• 4 medium carrots, chopped (about 1½ cups)
  • 3½ oz. shiitake mushrooms, stems removed and sliced very thinly
  • 2 pounds boneless, skinless chicken breast, cut into 1″ pieces
  • 1½ pounds beef stew meat, uncooked, cut into 1″ pieces
  • ½ tablespoon sea salt
  • 1 teaspoon cayenne pepper
  • 1 teaspoon ground coriander
  • 1 teaspoon ground cumin
  • 1 teaspoon turmeric
  • 1 cup dry green split peas (about 6 oz.)
  • 1 pound fresh plum tomatoes, chopped
  • 12 oz. sweet potato (1 large or 2 small), peeled and cut into 1″ cubes
  • 4 cups chicken broth
  • 4 cups beef broth
  • Fresh oregano sprigs
  • Fresh thyme sprigs
  • 2 bay leaves
  • 3 5-inch pieces of dried seaweed (optional)
  • 12 oz. broccoli florets
  • 6 oz. baby bok choy, chopped
  • 1 head of garlic (about 8–12 cloves), peeled and grated or pressed
  • 1 tablespoon grated ginger (about 3 square inches)
  • Juice of 1 lemon (about 2 tablespoons to ¼ cup)
  • Diced avocado and fresh basil leaves (optional)

Heat olive oil and coconut oil in a heavy-bottomed soup pot or Dutch oven over medium-high heat just until the oil begins to shimmer. Add onions, reduce heat, and cook for about 10 minutes, covered. Stir frequently and reduce heat as needed if the onions are browning too quickly. Add carrots and mushrooms and cook, uncovered, for 5 minutes.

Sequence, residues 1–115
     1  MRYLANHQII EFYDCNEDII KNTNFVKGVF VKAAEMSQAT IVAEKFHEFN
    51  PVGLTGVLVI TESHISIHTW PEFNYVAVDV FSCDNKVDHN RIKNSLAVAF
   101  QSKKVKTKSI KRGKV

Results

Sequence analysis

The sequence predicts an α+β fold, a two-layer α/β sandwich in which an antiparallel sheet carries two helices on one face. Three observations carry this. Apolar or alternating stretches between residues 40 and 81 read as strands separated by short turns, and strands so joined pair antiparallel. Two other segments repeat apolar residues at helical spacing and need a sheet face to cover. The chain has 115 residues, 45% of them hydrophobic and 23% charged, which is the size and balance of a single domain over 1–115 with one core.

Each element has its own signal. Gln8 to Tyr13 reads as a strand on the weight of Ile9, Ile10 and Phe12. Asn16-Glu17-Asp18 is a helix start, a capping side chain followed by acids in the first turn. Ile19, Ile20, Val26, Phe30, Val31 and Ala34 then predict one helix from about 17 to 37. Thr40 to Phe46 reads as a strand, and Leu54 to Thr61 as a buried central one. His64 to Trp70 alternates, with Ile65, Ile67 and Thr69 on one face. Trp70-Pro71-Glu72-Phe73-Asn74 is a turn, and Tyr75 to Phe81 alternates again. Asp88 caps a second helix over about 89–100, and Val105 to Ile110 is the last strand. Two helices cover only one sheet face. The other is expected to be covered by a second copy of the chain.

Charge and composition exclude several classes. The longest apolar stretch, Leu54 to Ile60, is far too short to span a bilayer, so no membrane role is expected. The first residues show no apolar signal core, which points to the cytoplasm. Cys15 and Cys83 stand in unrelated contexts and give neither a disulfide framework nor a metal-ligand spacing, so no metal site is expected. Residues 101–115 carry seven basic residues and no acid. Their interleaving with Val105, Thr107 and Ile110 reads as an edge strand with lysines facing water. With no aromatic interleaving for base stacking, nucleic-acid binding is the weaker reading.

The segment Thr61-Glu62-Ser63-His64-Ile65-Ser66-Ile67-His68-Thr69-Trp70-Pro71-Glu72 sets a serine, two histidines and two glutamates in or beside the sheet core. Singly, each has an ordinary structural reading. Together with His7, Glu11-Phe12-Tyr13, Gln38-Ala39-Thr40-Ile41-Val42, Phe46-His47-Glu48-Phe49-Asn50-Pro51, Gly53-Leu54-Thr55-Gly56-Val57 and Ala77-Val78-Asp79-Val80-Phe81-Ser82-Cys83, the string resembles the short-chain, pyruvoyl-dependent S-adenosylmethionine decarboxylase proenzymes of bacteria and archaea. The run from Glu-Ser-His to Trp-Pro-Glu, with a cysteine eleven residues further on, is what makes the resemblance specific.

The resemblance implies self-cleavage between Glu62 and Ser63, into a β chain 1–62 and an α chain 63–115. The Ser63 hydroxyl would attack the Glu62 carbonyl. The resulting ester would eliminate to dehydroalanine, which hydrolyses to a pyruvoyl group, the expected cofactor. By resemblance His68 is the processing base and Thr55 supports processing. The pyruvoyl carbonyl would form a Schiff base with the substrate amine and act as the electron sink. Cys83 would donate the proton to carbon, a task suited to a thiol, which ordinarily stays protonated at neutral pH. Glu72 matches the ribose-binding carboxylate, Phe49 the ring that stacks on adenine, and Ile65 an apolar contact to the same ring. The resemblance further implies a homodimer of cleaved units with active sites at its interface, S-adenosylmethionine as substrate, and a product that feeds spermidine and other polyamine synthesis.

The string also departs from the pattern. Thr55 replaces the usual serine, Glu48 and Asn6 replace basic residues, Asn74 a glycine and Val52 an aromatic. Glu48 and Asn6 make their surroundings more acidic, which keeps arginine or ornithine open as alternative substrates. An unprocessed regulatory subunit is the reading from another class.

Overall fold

Add chicken and beef and sprinkle with sea salt, cayenne pepper, coriander, cumin, and turmeric. Brown on all sides, about 15 minutes. Stir in split peas and cook for about 1 minute. Add tomatoes and sweet potato and continue cooking for another minute. Pour in broth and bring to a boil. Add oregano, thyme, bay leaves, and seaweed. Reduce heat to medium-low and cover.

Simmer, stirring occasionally, until stew meat and split peas are soft and tender, about 2 hours.

Remove from heat and stir in broccoli, bok choy, garlic, ginger, and lemon juice. Cover and let rest for about 5 minutes, until the broccoli is bright green and crunchy-tender. Divide into bowls and top with avocado and basil, if desired.

Makes about 12 heaping 1-cup servings. Per serving (not including avocado): 319 calories, 9.2 g. fat, 3.9 g. saturated fat, 0.9 g. poly. fat, 2.5 g. mono. fat, 79.1 mg. cholesterol, 966.4 mg. sodium (this will be less if you use homemade chicken stock instead of storebought), 724.5 mg. potassium, 25.2 g. carbohydrates, 6.1 g. fiber, 34.2 g. protein, vitamin A 62%, vitamin C 58%, calcium 9%, iron 17%